It is now the norm that private telephone networks serving multiple sites are based on an IP-PBX server. The sites served by a multi-site IP-PBX telephone network can range in size from single person home-offices to premises with thousands of employees.
Each site would be connected to the central IP-PBX server by an internet VPN. In larger networks there may be more than one PBX server to provide redundancy.
IP-PBX based private telephone networks have many advantages in terms of cost-saving and increased flexibility compared to their TDM and analogue predecessors, but they are at significant disadvantage in terms of providing reliable location information for emergency calls that originate within the network.
The reason that the automatic provision of reliable location information is important is to cater for emergency situations where the caller is: unable to speak; or is disoriented; or has difficulty making themselves understood due to language or dialect issues.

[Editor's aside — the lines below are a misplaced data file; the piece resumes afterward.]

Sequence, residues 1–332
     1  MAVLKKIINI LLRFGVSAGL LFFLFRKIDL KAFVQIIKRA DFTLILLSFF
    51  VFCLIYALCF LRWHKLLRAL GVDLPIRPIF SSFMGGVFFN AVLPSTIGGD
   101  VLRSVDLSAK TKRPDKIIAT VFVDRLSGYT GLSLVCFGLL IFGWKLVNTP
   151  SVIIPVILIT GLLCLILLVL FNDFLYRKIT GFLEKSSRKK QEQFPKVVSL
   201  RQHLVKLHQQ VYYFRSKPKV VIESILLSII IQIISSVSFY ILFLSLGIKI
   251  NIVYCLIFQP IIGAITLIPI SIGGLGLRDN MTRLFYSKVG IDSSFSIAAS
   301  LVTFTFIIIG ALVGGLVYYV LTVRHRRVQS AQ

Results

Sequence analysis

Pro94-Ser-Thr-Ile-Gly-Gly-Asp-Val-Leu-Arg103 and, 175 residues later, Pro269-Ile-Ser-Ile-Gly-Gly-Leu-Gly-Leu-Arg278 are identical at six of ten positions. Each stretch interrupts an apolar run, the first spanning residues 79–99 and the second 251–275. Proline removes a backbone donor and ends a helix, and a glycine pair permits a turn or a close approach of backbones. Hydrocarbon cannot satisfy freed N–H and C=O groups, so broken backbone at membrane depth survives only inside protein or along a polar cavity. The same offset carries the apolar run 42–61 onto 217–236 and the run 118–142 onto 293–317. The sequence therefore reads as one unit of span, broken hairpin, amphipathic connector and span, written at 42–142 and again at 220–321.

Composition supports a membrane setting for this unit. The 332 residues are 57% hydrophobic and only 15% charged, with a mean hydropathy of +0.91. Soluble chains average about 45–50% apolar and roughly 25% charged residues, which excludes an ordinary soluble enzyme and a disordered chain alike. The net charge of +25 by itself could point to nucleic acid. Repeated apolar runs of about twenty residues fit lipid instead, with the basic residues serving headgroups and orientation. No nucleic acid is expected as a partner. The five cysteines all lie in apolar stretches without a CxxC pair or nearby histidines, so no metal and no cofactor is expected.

Ironically, it is the cost-saving opportunities offered by centralised PSTN breakout together with the flexibility of extension mobility that are the root cause of the caller location identification problems on multi-site IP-PBX networks.
It is possible to solve these problems using IP-PBX vendor add-ons such as the Cisco Emergency Responder or third-party add-ons such as the ConneXon Emergency Gateway. Typically such add-ons would track extension users by their IP address or the switch port to which their phone is connected. In an IP-PBX network this is a significantly more reliable indicator than the extension number of the user.
Despite this, many organisations turn a blind eye to this issue and continue to deliver misleading location information with 999 or 112 emergency calls that originate within their private telephone network.